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EPC's European Accent

By Andrew Price
Oct 01, 2005The Electronic Product Code was conceived back in 1999 as a means of tracking goods around the globe using a single radio frequency identification protocol and the Internet. rfid journal was conceived three years later as a global media company covering this global technology. We've recently added a full-time Europe editor and launched a major executive conference in Europe. But it would be a mistake for us or anyone else to believe that a global technology can be applied the same way in every location. When deploying RFID in the supply chain, companies need to follow the old maxim: "Think global, act local."

Our cover story looks at how European companies are deploying RFID in ways that differ dramatically from those in the United States (see Europe Finds Its Own Path to ROI). The different approach being taken in Europe is dictated by the different regulatory environment, business practices and structure of European supply chains.

European retailers are moving quickly to tag individual items. That's where they see the biggest return on investment. You could debate whether Europe is ahead of the United States or behind, but it's more interesting to look at how companies in Europe are benefiting from RFID today. And companies around the world would do well to learn from how European retailers are navigating the minefield of consumer privacy.

Environmental regulations in Europe are also a lot different from those in the United States. Our story Sudden Impact: RFID and the Environment examines the potential effects on recycling caused by putting millions-or billions-of RFID tags with metal or printed ink antennas onto packaging and products.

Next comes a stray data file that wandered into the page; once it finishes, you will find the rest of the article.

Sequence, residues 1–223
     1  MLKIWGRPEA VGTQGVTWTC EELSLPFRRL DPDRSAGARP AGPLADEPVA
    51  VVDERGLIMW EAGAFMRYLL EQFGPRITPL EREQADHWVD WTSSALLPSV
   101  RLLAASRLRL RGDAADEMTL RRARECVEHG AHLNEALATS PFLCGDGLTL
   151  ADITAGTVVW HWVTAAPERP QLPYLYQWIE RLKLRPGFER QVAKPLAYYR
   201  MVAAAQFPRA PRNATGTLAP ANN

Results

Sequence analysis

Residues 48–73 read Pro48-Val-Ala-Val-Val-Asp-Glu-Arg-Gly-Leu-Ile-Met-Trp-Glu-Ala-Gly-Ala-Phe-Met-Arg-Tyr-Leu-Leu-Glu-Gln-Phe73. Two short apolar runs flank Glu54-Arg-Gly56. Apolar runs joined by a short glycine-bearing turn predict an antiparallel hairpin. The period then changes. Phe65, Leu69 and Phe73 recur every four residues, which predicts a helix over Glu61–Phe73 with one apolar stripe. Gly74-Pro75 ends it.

Elsewhere in this issue, we take you inside the RFID "dirty" lab built by Kimberly-Clark to develop and test RFID applications (see Lab-Powered Innovation). The company has assembled a team of experts from different functional areas and is setting up procedures for rolling out the technology in the most cost-effective way. The big benefit: Kimberly-Clark is developing intellectual capital and improving its relationships with its largest retail customers.

In contrast to the retail and consumer packaged goods industries, chemical producers haven't been on the cutting edge of RFID adoption. But companies in the United States, Europe and even Russia are facing pressure from government agencies to secure potentially dangerous chemicals that could be used in a terrorist attack. The industry is now exploring the use of RFID to help secure the chemical supply chain and provide supply chain efficiencies (see Finding the Right RFID Formula).

It's clear that different industries and regions will deploy RFID in their own way and at their own pace. But RFID is a global technology, and it will impact most multinational companies, the world's environment and the safety and privacy of people from Beijing to Brussels to Baltimore. rfid journal will cover all the issues everywhere.

Mark Roberti
Founder and Editor
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